Doctors are using a variety of treatment options, including antibiotics and antidepressants, to try to help people looking for relief from irritable bowel syndrome (IBS), according to research reviewed by Philip Schoenfeld, MD, associate professor of medicine and director of the training program in GI epidemiology gastroenterology at the University of Michigan School of Medicine at Ann Arbor,who spoke this week at a joint conference of the American Society for Gastrointestinal Endoscopy and the American Gastroenterological Association in Coronado, California.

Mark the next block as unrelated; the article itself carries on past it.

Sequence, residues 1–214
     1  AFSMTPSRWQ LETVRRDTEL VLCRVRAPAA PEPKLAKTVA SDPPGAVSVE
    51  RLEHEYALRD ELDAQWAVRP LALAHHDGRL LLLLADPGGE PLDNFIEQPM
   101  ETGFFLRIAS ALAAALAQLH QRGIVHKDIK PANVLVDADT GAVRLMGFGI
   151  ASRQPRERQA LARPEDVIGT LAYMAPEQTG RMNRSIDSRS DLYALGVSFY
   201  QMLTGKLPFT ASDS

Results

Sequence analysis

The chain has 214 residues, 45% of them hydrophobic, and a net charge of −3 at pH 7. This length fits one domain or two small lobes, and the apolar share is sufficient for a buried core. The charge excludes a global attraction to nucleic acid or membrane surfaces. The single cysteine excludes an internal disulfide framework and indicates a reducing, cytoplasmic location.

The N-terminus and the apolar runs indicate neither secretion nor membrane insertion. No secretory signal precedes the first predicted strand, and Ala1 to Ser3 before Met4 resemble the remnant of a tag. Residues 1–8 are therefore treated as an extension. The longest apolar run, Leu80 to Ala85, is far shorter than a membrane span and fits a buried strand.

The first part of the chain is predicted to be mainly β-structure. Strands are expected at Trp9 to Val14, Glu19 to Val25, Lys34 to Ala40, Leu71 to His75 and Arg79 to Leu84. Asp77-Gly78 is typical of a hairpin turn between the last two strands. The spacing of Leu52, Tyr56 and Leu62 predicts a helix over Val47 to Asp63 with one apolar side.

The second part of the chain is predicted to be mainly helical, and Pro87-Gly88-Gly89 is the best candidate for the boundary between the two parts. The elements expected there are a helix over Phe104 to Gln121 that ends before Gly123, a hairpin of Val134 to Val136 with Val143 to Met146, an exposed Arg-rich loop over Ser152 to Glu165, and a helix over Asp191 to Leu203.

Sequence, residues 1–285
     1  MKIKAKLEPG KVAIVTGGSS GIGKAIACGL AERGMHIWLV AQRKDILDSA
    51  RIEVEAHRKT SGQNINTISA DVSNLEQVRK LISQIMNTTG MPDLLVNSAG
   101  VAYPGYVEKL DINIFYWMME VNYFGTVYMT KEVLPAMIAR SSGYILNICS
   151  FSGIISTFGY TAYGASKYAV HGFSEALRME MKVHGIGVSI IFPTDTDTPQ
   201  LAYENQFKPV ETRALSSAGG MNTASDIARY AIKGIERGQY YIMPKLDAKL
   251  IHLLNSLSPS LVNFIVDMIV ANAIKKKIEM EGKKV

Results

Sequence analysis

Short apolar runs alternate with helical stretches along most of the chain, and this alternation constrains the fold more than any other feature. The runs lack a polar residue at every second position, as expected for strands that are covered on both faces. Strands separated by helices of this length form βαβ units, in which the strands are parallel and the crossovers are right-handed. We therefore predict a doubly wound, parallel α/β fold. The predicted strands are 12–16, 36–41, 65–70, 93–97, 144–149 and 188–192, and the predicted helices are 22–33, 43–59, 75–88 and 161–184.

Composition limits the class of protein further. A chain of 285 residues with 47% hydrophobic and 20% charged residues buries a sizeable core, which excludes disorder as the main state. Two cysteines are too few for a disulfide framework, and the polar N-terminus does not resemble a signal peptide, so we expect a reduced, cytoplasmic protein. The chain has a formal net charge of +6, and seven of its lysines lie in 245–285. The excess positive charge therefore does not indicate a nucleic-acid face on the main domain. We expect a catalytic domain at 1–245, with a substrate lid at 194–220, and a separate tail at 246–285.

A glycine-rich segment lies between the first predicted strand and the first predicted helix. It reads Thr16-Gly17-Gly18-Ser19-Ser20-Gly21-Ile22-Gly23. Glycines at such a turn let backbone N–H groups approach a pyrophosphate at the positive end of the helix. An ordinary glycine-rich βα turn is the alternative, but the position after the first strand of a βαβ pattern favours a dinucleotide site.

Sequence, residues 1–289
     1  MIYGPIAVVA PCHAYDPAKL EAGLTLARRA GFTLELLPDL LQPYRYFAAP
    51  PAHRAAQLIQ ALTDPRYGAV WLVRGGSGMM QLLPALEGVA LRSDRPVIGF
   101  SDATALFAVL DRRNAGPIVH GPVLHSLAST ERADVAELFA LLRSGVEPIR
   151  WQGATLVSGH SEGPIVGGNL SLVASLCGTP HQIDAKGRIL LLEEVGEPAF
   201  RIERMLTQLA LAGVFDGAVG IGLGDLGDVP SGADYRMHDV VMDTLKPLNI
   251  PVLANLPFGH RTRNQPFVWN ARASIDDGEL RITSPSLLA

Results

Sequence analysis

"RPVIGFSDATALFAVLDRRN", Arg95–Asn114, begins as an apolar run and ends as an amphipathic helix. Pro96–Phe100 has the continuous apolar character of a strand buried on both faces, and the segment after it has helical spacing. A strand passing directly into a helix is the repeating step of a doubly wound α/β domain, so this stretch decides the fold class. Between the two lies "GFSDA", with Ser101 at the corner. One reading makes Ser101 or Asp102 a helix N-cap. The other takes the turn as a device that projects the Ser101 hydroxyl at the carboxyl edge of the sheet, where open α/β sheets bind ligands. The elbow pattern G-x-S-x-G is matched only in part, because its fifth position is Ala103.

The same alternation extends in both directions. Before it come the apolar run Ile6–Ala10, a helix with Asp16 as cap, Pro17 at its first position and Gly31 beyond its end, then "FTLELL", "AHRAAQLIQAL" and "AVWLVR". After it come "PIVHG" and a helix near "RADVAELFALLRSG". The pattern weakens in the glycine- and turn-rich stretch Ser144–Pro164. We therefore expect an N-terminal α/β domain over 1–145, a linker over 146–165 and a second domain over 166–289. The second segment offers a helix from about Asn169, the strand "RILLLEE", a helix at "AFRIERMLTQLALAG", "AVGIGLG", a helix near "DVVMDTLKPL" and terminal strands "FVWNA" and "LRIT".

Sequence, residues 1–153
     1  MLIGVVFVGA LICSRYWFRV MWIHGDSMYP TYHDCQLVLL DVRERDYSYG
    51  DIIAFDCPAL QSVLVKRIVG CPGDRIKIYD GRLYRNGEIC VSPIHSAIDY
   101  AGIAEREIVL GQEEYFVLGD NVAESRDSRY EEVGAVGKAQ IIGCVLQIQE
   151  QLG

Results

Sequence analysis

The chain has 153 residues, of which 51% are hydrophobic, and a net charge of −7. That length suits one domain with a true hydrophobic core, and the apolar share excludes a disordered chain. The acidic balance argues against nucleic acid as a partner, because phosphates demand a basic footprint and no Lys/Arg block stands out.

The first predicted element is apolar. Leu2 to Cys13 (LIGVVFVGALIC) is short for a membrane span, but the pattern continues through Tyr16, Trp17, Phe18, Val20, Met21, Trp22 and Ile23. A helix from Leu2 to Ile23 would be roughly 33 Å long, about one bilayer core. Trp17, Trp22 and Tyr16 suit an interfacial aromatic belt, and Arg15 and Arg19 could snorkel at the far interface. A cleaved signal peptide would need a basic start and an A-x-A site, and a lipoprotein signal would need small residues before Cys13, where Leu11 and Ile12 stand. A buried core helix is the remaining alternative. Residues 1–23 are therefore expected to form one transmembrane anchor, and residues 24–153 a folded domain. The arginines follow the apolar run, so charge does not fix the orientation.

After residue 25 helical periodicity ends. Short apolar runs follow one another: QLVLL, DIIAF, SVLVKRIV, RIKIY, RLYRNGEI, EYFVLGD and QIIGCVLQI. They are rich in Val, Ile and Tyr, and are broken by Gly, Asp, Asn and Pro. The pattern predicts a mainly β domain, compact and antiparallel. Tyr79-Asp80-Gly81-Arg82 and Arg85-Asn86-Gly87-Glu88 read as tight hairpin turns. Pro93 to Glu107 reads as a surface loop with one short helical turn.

By the time they turn to a specialist for help, typical patients have had numerous diagnostic tests that all turned out normal, said Schoenfeld. They’ve tried laxatives and diets with extra fiber and no lactose, as well as eliminating some foods, said Schoenfeld.
“This is my average patient,” said Schoenfeld. “Yesterday there was a pathway to my door. Patients like this are usually between 20 to 40 years old. They have cramping and bloating most days and they often frequently have overlap symptoms of dyspepsia or nausea.”
While using drugs to curb constipation and diarrhea along with dietary changes is a good initial approach to management for IBS, Schoenfeld offered additional treatment suggestions that might work for those patients still struggling with symptoms. For example, a patient who has severe IBS will not get a good response from general or vague instructions on use of constipation medicine like Miralax, he said.